The problem isn't confined to hospitals that serve mostly the uninsured. Wait times of several hours also occur at places like Hoag Hospital in Orange County, Calif., according to Carla Schneider, a registered nurse and director of the emergency care unit there.
"It does get frustrating," she said. "People deserve better care."
"It's clearly a national problem," said Dr. Ramon Johnson, a member of the board of directors of the American College of Emergency Physicians (ACEP), who was among the doctors who testified.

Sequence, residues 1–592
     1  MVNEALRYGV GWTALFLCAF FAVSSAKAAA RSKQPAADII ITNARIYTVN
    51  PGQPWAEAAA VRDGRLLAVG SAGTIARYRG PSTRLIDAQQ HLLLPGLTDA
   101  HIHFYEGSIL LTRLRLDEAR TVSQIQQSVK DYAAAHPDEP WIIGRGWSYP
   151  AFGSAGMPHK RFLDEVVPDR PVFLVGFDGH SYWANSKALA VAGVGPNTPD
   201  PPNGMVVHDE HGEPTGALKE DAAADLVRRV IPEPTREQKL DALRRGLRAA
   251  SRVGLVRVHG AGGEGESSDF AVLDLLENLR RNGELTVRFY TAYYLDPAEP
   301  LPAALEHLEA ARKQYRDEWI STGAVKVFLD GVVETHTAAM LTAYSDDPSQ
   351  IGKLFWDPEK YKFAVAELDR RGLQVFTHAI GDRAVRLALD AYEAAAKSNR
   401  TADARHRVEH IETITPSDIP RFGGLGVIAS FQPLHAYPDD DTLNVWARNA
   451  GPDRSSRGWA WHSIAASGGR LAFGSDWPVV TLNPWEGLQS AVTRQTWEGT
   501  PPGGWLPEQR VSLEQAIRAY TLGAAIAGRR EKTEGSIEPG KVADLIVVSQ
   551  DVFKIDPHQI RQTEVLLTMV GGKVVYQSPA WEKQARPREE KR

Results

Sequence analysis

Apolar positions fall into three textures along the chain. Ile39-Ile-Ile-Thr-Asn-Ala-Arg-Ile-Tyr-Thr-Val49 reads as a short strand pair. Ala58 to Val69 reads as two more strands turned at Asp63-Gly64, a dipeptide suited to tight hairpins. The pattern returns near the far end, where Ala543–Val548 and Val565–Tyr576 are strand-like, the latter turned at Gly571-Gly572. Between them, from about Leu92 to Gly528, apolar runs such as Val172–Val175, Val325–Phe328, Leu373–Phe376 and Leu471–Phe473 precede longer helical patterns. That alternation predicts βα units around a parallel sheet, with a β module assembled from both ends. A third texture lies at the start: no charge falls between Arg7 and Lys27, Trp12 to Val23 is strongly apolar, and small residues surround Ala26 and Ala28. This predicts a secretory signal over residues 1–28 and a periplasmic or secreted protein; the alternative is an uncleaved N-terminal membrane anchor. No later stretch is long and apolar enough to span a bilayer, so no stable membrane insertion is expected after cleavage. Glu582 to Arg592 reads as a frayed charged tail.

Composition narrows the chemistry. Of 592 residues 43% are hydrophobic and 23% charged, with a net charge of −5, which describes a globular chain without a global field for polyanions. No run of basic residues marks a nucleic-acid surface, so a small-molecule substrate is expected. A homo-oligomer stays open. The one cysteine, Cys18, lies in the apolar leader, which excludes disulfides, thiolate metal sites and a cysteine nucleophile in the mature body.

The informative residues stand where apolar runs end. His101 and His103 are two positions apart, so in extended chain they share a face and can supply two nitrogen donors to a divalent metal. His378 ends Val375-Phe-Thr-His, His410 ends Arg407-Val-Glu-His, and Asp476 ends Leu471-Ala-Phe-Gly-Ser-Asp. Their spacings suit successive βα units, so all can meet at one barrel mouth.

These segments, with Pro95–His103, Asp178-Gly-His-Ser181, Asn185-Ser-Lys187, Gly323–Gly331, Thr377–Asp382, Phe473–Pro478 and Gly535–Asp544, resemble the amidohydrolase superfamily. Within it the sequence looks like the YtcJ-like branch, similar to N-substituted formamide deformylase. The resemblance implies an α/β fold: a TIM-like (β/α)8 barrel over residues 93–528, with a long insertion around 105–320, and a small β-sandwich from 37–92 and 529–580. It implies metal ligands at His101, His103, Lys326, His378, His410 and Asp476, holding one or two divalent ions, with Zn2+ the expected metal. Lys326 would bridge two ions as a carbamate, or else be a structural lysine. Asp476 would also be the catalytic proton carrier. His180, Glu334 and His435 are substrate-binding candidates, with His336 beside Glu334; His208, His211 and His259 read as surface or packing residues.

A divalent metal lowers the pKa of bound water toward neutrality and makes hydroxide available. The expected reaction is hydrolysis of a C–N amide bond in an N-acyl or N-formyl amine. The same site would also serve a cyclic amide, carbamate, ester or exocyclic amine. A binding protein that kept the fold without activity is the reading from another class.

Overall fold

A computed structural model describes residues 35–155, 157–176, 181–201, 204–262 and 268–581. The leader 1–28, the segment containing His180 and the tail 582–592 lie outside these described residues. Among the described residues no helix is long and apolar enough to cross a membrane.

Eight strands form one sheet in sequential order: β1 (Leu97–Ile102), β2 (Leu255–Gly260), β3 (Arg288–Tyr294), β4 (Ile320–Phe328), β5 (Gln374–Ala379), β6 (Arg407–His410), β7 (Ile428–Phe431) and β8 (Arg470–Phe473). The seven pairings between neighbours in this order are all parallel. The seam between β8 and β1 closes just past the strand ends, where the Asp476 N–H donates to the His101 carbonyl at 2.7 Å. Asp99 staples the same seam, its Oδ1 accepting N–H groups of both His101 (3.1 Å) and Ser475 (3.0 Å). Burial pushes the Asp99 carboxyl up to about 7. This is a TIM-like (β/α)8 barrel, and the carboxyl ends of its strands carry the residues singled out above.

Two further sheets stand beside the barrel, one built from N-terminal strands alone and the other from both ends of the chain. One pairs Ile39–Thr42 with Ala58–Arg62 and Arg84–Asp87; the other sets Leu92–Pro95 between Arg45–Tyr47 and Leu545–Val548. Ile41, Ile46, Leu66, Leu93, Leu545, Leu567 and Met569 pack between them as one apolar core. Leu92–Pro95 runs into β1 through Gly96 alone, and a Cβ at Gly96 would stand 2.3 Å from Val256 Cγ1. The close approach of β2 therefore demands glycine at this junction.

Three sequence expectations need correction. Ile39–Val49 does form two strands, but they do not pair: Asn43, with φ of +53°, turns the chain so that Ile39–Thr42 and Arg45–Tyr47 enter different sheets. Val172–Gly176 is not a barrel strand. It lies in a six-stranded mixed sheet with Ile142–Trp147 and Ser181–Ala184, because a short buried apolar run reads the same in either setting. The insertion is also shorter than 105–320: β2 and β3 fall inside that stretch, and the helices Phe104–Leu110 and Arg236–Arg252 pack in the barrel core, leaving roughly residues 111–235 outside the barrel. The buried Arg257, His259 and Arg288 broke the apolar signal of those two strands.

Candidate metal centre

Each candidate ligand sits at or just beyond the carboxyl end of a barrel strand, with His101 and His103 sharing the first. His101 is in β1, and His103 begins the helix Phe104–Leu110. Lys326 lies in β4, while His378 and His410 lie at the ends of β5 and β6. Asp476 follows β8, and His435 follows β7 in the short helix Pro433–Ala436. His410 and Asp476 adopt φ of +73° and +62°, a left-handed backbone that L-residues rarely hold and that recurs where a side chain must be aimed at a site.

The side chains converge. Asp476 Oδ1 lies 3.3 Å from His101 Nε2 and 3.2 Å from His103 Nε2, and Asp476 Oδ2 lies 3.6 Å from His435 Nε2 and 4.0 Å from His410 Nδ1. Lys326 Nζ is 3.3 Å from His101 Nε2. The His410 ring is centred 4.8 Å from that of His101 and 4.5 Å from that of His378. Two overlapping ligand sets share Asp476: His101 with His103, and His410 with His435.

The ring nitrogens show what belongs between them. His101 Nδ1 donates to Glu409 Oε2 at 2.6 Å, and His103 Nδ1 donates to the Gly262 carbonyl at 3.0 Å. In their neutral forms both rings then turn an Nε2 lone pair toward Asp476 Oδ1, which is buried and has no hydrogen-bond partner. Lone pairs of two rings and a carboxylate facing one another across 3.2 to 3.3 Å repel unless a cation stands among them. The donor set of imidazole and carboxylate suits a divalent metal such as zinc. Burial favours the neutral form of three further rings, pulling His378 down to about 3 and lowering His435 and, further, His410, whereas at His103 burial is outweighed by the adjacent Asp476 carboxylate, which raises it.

Doctors attribute the lack of hospital beds to cutbacks in hospital budgets. Many blame it on the growth of managed care in the 1990s, where hospitals were forced to cut costs wherever possible.
"We can get tests done…within the space of a few hours, even though we have more patients than we can handle," said Dr. Gabe Kelen, chair of emergency medicine at Johns Hopkins Hospital. "Patients themselves have now come to realize they are better off coming to the emergency department."